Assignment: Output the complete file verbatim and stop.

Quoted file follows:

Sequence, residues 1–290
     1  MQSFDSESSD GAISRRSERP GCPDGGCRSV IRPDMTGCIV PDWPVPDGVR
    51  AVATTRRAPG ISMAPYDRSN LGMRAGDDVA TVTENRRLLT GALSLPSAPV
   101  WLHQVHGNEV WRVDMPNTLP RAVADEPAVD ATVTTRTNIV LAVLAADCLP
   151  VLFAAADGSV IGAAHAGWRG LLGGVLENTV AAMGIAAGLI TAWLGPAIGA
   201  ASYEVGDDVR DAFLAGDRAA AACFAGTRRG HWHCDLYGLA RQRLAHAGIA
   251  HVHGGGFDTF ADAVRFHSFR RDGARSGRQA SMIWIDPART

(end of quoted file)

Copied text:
Sequence, residues 1–290
     1  MQSFDSESSD GAISRRSERP GCPDGGCRSV IRPDMTGCIV PDWPVPDGVR
    51  AVATTRRAPG ISMAPYDRSN LGMRAGDDVA TVTENRRLLT GALSLPSAPV
   101  WLHQVHGNEV WRVDMPNTLP RAVADEPAVD ATVTTRTNIV LAVLAADCLP
   151  VLFAAADGSV IGAAHAGWRG LLGGVLENTV AAMGIAAGLI TAWLGPAIGA
   201  ASYEVGDDVR DAFLAGDRAA AACFAGTRRG HWHCDLYGLA RQRLAHAGIA
   251  HVHGGGFDTF ADAVRFHSFR RDGARSGRQA SMIWIDPART